Scottish Opera orfeo ed Euridice Edinburgh 2015

SCOTTISH OPERA - Orfeo ed Euridice



The story of Orpheus and his journey into the underworld to retrieve his fallen love Eurydice and bring her back to the suface world without looking at her is a story that I'm familiar with.  Orfeo ed Euridice, the 18th century opera by Christoph Willibald Gluck, is however a piece of work that I am not familiar with, so tonight's bold production by Scottish Opera was a bit of a theatre mystery night for me.

On paper, this work with ballet dancers, 1950s Dior inspired fashion and absolutely minimal sets had the potential to be a "train wreck", but for me, all these odd elements worked amazingly well on stage tonight to produce an outstanding piece of work.

This is a very simple story of a man making a deal with mischievous gods who saw man as amusement mainly, and simple tales work best for me as they are so much easier to follow.  There are only three principal characters in this story Orfeo (Caitlin Hulcup - Mezzo Soprano), Euridice (Lucy Hall - Soprano) and Amore Goddess of Love (Ana Quintans - Soprano).

This is an all female lead performance as we are following the original Italian opera by Gluck, and when writing the part of Orfeo he kept with tradition and wrote the male lead for a Castrato voice.  As no one seems to want to suffer that much for their art now, the part is played by the closest modern approximation to the vocal range (a female Mezzo Soprano).

Caitlin Hulcup has a lot of work to do in this performance and is on stage most of the time. Dressed in a white suit on an almost stark black stage, and on her own for periods, she has to put in a very strong perfomance to make this part work.  There is nowhere to hide on this very stark stage, no distractions such as big set pieces, just nothing except a white spotlight at times.  Fortunately for all of us, this was a great performance and judging from the end of show applause, pretty much everyone in the theatre thought so too.   Lucy Hall as Euridice gives an equally good performance and again the minimalist set allows nothing to detract from her duets with Orfeo on stage.  Ana Quintans as Amore though gets some of the best stage time for me tonight.  Ana is a singer who specialises in works from this period and although she is only on stage at the beginning and end of the story, the wonderful 1950s Dior inspired costume (simple black top and wide pink polka dot skirt) make her character really stand out on stage.  Ana has that wonderful 1950s Grace Kelly inspired "fashion plate" pose down to a fine art.  Let us not forget of course that she has an outstanding voice and puts in a wonderful character part performance on stage.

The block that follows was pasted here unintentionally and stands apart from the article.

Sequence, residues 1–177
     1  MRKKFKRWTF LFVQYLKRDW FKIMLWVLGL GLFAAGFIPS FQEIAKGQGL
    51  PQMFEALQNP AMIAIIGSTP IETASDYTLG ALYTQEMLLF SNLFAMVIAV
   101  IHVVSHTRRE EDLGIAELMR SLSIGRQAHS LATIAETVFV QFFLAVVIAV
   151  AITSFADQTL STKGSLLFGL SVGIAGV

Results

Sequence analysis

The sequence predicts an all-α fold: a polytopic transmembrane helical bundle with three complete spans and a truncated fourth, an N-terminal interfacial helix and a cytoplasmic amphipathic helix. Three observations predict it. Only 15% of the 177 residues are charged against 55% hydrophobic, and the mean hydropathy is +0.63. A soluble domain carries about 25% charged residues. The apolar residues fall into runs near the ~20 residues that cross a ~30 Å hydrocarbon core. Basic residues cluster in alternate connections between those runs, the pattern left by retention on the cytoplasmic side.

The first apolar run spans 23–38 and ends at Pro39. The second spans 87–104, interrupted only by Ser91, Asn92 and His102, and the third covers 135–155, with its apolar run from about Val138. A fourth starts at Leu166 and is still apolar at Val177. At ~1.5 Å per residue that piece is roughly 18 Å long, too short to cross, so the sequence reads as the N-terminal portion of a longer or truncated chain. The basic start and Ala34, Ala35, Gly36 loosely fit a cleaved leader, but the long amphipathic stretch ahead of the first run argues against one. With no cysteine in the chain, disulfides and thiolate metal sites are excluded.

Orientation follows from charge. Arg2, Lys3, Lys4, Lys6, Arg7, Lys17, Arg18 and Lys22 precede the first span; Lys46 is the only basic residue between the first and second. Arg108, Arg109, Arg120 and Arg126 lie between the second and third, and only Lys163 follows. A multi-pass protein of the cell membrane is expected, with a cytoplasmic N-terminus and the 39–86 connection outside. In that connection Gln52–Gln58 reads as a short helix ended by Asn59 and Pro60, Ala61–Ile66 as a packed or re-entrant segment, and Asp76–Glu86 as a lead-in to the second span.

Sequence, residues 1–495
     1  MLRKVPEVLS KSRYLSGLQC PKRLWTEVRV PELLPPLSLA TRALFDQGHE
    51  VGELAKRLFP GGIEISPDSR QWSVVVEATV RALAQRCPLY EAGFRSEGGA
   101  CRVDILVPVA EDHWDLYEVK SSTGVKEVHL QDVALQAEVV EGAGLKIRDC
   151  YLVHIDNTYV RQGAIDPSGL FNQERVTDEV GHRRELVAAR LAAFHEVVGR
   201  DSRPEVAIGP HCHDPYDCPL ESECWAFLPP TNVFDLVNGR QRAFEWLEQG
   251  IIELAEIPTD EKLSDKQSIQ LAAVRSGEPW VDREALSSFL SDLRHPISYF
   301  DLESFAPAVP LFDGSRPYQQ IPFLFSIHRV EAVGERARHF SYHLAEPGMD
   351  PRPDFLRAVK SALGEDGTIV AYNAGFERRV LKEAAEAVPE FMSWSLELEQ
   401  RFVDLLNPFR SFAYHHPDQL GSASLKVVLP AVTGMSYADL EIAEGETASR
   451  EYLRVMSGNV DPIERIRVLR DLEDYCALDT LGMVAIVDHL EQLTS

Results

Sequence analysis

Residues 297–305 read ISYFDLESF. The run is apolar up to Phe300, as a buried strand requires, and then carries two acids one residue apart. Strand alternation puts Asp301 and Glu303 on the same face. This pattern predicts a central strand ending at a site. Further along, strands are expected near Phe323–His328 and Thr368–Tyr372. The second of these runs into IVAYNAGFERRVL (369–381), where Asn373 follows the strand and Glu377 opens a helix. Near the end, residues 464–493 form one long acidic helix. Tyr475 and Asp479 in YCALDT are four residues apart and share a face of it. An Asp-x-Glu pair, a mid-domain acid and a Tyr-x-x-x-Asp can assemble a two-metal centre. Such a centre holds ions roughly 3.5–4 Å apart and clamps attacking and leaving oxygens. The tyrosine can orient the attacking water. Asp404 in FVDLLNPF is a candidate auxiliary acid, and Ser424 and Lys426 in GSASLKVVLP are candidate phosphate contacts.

This brings us to the set and costume design by Johan Engels (who sadly passed away in November 2014). This is a very imaginative piece of visual theatre work. The costume design is heavily influenced by Dior's "New Look" and everyone gets that look. It is nice to see the chorus get the great costumes too as well as the principal leads.  The Furies in the Underworld take a strong visual reference from the Jean Cocteau film "Orphee" and set against the mainly black stage look at times sinister.

The only real set item on stage is a large clear perspex cube.  This rotating cube acts as the portal between the worlds and allows for some very clever lighting to change the settings atmosphere of the story as it unfolds.

What about the ballet dancers?  Well, on the instrumental parts to the music they work amazingly well, and in particular in the Elysian Fields sequence.  Using them was a bold move and it worked.

Before this performance, I was not familiar with the music of  Christoph Gluck (conducted tonight by Kenneth Montgomery), and I liked the music a lot. I will need to source some more of his work.

This was an enjoyable evening out. Great vocal performances, a set design that somehow worked amazingly well (and I normally like my big set pieces and not minimalistic ones) great costumes and great music... and I have found a new composer to find more out about.


Review by Tom King



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